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Remove a column in an article from Replication without reinitializing the replication Expand / Collapse
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Posted Tuesday, February 7, 2012 10:06 PM
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Hi,

I have a Publication with 10 huge tables. I need to remove one column (for security reasons) from an article. when i tried this it is asking to re-initialize the publication and did so. Since the other tables are huge it took 5+ hours to complete the snapshot.

Is there a simpler way to run the snapshot agent for a single article???
Thanks in advance.

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Posted Tuesday, February 7, 2012 10:31 PM
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I had to do it once, and I changed the insert and update procedures that the replication created in the target database. In the procedures instead of using the value of the column that was not suppose to be replicated I used null. I have to admit that this is not a very good way because next time that there is a modification on the table's schema the procedures will be created again. Another problem is that the values can be seen by profiler (or sniffer), but it did allow me not to reinitialize the replication of a huge table. I'll also be glad to hear about a better way.

Adi


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Post #1248706
Posted Tuesday, February 7, 2012 11:54 PM
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Thanks for the Reply.

Is there any way that this can be achieved from SQL Server Management Studio?
Post #1248726
Posted Monday, February 13, 2012 12:18 AM


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To drop a column from an existing publication you'll need to use ALTER TABLE <Table> DROP <Column> syntax at the publisher. By default the schema change will be propogated to subscribers on the next synchronization, publication property @replicate_ddl must be set to true. Reinitialization is not required.

There are some considerations to make which can be found in Making Schema Changes on Publication Databases.
Post #1251008
Posted Wednesday, June 5, 2013 8:12 AM
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This is an older question, but I wanted to add a reply, I don't think the above answers are what you are looking for.

To remove a column from replication without doing a snapshot of the entire publication, remove the article from the subscription, then add it back in, checking only the appropriate columns.

Then run the snapshot job (without re-initializing the entire subscription), and it should push a new snapshot copy of just that one article.
Post #1460247
Posted Wednesday, June 5, 2013 8:08 PM
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brad.corbin (6/5/2013)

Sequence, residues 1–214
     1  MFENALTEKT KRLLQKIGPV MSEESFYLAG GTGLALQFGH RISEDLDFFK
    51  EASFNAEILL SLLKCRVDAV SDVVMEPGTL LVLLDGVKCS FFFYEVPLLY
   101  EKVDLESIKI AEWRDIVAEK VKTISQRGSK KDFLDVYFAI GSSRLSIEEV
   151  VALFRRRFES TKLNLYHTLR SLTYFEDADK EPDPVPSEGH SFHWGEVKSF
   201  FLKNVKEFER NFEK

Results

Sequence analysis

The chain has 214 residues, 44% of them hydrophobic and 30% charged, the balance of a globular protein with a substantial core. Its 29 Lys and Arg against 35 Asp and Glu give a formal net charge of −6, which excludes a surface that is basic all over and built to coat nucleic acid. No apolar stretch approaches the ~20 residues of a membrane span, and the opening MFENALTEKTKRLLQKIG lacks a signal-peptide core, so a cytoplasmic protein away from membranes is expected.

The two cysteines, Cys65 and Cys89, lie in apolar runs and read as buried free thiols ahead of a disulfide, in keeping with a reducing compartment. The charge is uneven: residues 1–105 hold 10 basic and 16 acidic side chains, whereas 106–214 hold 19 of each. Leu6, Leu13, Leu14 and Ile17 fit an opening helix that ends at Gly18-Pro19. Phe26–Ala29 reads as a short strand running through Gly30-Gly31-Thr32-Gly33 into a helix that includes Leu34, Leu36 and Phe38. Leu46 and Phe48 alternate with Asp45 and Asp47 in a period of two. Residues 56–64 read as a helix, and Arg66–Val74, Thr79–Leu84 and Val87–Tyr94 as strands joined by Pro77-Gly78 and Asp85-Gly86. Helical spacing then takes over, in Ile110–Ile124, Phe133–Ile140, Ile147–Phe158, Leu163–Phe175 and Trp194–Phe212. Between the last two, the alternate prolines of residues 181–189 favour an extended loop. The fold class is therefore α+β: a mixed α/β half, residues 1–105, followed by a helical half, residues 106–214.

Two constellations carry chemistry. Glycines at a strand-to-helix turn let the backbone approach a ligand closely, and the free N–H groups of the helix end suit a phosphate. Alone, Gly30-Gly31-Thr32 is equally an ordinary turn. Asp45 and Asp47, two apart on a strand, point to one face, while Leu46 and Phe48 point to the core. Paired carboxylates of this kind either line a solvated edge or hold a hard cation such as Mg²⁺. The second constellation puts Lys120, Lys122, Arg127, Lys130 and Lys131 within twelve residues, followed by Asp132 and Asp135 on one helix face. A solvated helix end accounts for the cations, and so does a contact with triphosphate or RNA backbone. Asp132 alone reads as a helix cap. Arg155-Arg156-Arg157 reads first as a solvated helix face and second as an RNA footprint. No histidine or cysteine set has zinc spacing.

This is an older question, but I wanted to add a reply, I don't think the above answers are what you are looking for.

To remove a column from replication without doing a snapshot of the entire publication, remove the article from the subscription, then add it back in, checking only the appropriate columns.

Then run the snapshot job (without re-initializing the entire subscription), and it should push a new snapshot copy of just that one article.


Brad,

Can't we run ALTER TABLE...DROP COLUMN to remove the column from the table?
Could you please explain how to run the snapshot job without re-initializing the entire subscription? Because everytime I run the snapshot job manually, it creates a snapshot of alll the articles.

Thanks,
Sunny.
Post #1460506
Posted Wednesday, June 5, 2013 8:19 PM


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You do not need to remove an article to drop a column. Dropping a column does not require reinitialization either. You do not need to generate a new snapshot and you do not need to reinitialize subscribers. Make sure publication property @replicate_ddl is set to true.

Per Make Schema Changes on Publication Databases in BOL:

To drop a column from an existing publication and drop the column from the table at the Publisher, execute ALTER TABLE <Table> DROP <Column>. By default, the column is then dropped from the table at all Subscribers.
Post #1460507
Posted Thursday, June 6, 2013 7:20 AM
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The way I read the original question, the OP doesn't want to drop the column from the table at the publisher, they simply want to stop a specific column from being replicated to the subscriber.

Yes, ALTER TABLE would work if they did truly want to remove the column from the table at both the publisher and subscriber.
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Posted Wednesday, December 4, 2013 3:56 PM
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Adi Cohn-120898 (2/7/2012)
I had to do it once, and I changed the insert and update procedures that the replication created in the target database. In the procedures instead of using the value of the column that was not suppose to be replicated I used null. I have to admit that this is not a very good way because next time that there is a modification on the table's schema the procedures will be created again. Another problem is that the values can be seen by profiler (or sniffer), but it did allow me not to reinitialize the replication of a huge table. I'll also be glad to hear about a better way.

Adi

good idea, i'll try that too


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مبيد حشرى للصراصيرشركات مكافحة البق في جدةمكافحة النمل الابيض في المنزل
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